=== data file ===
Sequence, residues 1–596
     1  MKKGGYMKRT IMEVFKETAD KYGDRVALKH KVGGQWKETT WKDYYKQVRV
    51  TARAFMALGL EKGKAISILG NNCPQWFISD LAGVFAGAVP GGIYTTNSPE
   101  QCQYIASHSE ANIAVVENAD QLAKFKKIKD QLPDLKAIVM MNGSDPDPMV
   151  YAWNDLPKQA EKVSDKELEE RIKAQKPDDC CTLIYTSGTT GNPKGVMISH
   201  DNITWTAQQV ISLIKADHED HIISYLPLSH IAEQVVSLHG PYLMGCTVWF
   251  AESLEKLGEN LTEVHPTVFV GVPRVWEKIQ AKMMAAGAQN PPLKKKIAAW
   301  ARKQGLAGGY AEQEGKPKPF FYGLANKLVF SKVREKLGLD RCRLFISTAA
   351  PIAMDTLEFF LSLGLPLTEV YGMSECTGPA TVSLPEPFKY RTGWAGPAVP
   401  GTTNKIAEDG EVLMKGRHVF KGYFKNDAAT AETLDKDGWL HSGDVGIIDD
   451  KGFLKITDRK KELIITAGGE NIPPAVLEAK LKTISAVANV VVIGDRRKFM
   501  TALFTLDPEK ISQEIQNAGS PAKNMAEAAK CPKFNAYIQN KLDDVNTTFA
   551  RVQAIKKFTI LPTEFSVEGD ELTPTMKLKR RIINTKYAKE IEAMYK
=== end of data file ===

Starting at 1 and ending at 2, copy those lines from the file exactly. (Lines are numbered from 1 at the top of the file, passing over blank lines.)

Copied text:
Sequence, residues 1–596
     1  MKKGGYMKRT IMEVFKETAD KYGDRVALKH KVGGQWKETT WKDYYKQVRV